Compliance with privacy and security frameworks like SOC 2, HIPAA and GDPR has become a central component not just of how organizations build trust with their users, but of how organizations work together these days: fail to meet the requirements of these frameworks, and you might lose your business relationship. Today, Laika — one of the bigger startups providing tools to help meet those compliance demands — is announcing $50 million in funding, underscoring the growth in this space.
Laika will be using the equity, a Series C, to continue expanding the functionality of its platform and its wider business funnel.
Laika today has some 500 customers, with that number growing four-fold in the last 12 months; and it provides integrations for some 100 different software packages to measure how client compliance stacks up across them, with tools including integrated audits, penetration testing and security questionnaires (which are using in RFPs and due diligence ahead of securing contracts).
In an interview, Austin Ogilvie, Laika’s co-founder and co-CEO, said the plan will be to expand in both customer numbers and the number of sources Laika can tap to measure data protection and other compliance metrics across an organization’s wider digital footprint.
Fin Capital is leading this round, with new backers Centana Growth Partners and previous investors J.P. Morgan Growth Equity Partners, Canapi, and ThirdPrime all also participating, among others not being named.
Other notable past investors have included some very big names in the world of fintech, including PayPal, and fintech specialist VCs NYCA and Dash Fund — a fuller list that points to Laika’s traction in financial services in particular.
The finance sector has for years at this point been a significant user of compliance software for regulatory and business reasons. But, as Ogilvie pointed out to me, we are long past the point of financial companies being the primary users of compliance tools: that is one reason why growth is motoring along for companies like Laika right now, and why Laika specifically is able to raise a decent round at a time when funding is much harder to come by for startups. On top of this, combined with Laika’s other co-founders Sam Li and Eva Pittas (respectively the co-CEO and COO, with all three pictured above), the three have collective exposure and experience across insurance, data science and risk protection that speaks to the bigger opportunity that the company is tackling.
Including this latest Series C, Laika has now raised $98 million in total. While it’s not disclosing valuation, Ogilvie confirmed it was a “healthy step up” from its Series B, which PitchBook notes was $235 million post-money when that closed in 2021. (In other words it’s now more than $335 million.) For a little more context, two of Laika’s close competitors in the world of monitoring data protection compliance, Vanta and Drata, each raised rounds this year that valued them at or just above $1 billion. (See here and here.)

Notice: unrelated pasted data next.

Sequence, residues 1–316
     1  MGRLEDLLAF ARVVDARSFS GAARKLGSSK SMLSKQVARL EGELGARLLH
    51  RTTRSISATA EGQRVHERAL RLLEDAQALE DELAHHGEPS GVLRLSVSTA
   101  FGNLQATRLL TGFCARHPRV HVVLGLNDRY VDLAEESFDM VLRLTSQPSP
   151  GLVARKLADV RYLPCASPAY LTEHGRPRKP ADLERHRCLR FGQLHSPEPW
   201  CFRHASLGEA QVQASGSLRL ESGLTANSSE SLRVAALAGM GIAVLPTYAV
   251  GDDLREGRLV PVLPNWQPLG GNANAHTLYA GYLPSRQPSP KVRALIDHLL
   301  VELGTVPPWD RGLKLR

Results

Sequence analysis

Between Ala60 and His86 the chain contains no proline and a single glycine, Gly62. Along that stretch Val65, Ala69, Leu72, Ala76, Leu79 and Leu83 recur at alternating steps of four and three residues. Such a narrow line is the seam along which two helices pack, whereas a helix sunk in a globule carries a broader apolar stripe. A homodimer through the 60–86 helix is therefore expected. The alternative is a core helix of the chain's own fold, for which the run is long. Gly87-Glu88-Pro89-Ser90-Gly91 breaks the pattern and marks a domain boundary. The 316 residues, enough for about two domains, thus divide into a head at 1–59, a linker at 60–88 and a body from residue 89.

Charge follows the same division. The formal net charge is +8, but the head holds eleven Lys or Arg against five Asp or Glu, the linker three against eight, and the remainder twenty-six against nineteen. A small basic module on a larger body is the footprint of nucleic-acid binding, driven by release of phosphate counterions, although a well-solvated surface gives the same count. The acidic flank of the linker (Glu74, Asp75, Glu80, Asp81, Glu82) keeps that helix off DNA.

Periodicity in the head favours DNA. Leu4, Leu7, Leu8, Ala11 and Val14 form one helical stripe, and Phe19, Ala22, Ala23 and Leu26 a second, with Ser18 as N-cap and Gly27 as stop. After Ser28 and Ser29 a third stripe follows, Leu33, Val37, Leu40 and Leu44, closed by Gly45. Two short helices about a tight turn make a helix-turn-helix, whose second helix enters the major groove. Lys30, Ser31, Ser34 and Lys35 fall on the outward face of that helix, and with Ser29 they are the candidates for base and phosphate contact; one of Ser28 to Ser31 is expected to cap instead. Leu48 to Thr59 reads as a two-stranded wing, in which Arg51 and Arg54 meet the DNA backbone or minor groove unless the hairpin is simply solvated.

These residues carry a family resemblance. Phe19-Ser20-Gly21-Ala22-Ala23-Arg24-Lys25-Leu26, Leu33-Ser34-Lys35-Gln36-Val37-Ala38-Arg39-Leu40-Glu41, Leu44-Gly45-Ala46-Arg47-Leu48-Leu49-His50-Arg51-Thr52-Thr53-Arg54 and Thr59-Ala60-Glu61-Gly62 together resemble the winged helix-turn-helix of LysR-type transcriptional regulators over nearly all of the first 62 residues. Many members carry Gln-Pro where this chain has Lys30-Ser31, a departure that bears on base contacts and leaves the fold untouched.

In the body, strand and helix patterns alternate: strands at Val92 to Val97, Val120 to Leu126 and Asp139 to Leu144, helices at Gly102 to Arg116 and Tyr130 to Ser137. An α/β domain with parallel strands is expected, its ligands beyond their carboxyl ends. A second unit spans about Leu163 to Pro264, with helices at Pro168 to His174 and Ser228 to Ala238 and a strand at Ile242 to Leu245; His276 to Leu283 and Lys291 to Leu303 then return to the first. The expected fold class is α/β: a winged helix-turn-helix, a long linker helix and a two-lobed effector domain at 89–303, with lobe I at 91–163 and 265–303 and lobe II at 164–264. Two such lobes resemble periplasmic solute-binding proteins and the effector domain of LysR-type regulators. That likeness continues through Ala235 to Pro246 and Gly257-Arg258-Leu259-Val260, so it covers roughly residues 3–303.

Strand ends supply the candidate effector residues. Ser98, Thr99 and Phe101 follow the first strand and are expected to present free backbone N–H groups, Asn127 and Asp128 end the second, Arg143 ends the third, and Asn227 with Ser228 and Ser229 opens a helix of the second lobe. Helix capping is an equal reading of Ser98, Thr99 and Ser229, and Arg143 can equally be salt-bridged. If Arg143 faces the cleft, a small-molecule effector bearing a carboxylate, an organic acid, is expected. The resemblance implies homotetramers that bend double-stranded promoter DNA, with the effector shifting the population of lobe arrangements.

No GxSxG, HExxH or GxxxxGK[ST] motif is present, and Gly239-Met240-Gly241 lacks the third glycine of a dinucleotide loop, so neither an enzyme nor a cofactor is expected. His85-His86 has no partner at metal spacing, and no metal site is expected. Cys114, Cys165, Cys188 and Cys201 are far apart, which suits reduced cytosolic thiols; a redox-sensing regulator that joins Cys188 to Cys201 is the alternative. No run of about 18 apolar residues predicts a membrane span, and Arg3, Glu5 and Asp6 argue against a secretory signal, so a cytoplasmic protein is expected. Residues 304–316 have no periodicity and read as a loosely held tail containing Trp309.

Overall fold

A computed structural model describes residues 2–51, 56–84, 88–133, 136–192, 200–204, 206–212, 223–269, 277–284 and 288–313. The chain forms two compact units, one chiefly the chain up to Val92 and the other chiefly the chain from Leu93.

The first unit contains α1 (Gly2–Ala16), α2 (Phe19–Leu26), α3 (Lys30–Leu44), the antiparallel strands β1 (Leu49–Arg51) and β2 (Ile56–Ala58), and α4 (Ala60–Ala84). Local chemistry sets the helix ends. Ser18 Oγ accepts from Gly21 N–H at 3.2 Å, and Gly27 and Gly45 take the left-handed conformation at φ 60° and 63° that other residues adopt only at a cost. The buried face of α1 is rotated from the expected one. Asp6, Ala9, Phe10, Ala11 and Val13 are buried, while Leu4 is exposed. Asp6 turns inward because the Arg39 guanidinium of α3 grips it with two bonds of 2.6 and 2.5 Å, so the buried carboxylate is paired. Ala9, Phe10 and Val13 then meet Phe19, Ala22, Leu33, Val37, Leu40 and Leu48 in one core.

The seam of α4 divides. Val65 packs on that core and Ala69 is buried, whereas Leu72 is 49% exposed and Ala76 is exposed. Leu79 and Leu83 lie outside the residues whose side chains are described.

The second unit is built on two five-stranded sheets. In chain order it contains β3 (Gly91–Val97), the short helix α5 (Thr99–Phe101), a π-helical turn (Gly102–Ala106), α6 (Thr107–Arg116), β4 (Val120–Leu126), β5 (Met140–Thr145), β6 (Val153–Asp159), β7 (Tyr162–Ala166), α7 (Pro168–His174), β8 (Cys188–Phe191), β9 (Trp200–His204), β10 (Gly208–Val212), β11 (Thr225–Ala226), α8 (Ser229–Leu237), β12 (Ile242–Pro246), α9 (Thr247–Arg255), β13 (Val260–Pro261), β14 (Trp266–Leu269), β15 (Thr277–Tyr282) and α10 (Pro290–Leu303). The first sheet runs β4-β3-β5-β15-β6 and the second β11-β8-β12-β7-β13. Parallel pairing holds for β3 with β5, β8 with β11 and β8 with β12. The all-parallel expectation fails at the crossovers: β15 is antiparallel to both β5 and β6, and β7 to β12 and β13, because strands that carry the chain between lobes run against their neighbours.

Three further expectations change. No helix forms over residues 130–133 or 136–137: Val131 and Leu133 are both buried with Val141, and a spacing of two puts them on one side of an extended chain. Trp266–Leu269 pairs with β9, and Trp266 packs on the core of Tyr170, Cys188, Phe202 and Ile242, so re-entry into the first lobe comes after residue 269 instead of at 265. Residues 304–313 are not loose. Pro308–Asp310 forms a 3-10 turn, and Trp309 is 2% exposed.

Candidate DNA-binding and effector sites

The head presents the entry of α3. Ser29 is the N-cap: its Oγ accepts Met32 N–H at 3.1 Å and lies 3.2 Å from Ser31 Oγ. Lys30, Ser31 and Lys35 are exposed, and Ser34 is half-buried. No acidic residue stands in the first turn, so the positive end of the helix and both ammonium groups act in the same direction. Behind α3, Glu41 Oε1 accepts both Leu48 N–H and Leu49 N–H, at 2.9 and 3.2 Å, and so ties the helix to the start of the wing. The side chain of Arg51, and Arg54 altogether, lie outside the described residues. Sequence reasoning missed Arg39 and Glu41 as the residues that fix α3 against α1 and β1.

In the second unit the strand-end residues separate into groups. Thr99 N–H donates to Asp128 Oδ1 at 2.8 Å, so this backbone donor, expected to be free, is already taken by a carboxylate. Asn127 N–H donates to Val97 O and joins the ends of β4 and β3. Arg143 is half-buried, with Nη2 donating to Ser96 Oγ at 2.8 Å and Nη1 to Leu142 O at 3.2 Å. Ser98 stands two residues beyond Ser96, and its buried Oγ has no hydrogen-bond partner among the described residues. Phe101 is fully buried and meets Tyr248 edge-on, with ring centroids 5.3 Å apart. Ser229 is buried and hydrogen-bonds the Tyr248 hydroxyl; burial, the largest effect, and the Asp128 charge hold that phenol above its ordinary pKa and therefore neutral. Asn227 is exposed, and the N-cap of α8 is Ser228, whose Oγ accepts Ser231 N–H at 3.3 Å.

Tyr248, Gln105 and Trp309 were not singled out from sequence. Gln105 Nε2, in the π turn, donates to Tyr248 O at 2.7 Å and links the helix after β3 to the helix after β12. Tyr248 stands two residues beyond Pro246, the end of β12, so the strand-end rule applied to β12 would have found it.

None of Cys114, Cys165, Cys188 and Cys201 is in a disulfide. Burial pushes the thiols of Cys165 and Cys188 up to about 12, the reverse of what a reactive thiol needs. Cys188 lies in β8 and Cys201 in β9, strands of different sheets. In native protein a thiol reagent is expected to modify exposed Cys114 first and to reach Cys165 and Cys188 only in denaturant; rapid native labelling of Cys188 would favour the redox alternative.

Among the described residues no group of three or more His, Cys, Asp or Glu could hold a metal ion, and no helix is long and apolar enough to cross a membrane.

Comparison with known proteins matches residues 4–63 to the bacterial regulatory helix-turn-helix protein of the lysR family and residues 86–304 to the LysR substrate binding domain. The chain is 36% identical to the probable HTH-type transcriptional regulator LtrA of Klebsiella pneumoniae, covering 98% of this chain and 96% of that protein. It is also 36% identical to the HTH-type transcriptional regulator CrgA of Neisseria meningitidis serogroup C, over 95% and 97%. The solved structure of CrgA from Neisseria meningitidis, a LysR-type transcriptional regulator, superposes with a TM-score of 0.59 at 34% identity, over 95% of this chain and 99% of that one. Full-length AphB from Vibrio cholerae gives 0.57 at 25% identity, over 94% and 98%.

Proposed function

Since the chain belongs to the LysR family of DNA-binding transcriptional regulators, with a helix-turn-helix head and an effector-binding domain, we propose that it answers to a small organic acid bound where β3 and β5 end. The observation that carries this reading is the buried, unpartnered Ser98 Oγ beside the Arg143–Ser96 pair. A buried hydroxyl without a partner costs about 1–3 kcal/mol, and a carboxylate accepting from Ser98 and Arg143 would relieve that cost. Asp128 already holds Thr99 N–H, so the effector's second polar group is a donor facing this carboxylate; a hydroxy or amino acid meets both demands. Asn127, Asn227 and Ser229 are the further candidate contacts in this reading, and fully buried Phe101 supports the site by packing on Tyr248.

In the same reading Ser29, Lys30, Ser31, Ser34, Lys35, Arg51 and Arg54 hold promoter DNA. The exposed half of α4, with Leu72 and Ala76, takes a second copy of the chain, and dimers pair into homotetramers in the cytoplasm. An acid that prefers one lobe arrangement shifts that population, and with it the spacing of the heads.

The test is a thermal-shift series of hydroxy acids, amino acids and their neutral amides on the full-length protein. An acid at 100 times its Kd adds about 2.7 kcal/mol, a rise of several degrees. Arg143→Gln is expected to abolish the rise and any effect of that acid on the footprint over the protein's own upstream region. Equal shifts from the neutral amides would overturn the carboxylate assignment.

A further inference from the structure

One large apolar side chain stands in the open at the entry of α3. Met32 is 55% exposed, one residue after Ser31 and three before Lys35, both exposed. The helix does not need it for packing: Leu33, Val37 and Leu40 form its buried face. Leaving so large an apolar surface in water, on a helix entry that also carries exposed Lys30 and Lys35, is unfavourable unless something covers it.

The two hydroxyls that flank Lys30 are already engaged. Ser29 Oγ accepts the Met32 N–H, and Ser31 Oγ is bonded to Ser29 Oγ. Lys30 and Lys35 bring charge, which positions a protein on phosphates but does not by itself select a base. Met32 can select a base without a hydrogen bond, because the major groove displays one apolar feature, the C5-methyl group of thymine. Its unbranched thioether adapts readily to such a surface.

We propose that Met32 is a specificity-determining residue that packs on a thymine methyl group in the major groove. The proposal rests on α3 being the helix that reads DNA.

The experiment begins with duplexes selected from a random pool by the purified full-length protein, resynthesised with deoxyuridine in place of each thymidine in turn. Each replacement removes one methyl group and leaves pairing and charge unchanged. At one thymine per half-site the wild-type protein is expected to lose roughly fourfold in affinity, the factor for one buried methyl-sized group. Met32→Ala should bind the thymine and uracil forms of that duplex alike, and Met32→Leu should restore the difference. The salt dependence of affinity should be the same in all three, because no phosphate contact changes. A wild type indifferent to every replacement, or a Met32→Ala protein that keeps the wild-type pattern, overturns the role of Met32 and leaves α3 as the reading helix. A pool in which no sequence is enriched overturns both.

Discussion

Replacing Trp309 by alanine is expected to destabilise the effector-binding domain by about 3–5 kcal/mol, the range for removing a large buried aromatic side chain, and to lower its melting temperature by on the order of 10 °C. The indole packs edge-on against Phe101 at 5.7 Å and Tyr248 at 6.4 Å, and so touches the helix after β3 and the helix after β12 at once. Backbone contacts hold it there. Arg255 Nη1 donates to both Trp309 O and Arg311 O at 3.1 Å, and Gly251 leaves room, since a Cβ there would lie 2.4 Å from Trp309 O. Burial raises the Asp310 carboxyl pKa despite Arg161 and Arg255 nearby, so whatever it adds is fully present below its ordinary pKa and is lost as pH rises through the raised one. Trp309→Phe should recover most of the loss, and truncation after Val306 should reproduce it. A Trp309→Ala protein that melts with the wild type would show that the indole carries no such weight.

Laika’s growing coffers come at a timely moment, and that’s not just because its competitors are also raising. First, the number of compliance frameworks being formed globally is growing; and second, the bigger an organization or its operations, the more complicated the task of ensuring compliance becomes.
“Compliance has been a top for at least the last 10 years, but it’s really dialed up in the last three, where there has been just an explosion of these, some regulatory but others like PCI just a non-option when it comes to compliance,” Ogilvie said. “If you sell or work with any brand of consequence, they will do due diligence that includes security assessments, and you also have to demonstrate that you are continuously operating according to those principles.”
The biggest customers might have as many as 5,000 vendors that need to be assessed and regularly audited, a task in itself that necessitates automation and a platform approach. But smaller organizations need software, too, often for a slightly different set of reasons, he said.
“Some come to us having never needed to look at this. Using Laika will be the first time seeing security assessment document,” Ogilvie said. Others might be using Laika in place of having adequate staff or infosec teams in-house to monitor and maintain these data relationships.
Covid, he added, increased the need for these tools, with more working remotely and in the cloud typically needing more apps and more generally a different kind of security and data protection environment.
There are a number of compliance tools in the market today — no surprise considering the ever-persistent cybersecurity threats and a growing awareness among regulators and the general public of data protection. Even before Covid really became a vector, the industry was already worth some $32 billion annually. That number is projected to reach nearly $75 billion by 2028. Investors say that Laika — named after the Russian dog, the first non-human sent into space, and a “gentle nod towards pioneering and exploration,” said Ogilvie — stands out by being one of the easier tools to adopt and regularly use.
“Laika has filled a unique gap in the rapidly-growing compliance automation and audit management space, by providing the only comprehensive, centralized compliance platform,” said Christian Ostberg, a partner at Fin Capital, in a statement. “By combining automation of InfoSec workflows with the integrated, tech-enabled audits, Laika has set themselves as the clear market leader shaping this fast-growing category.”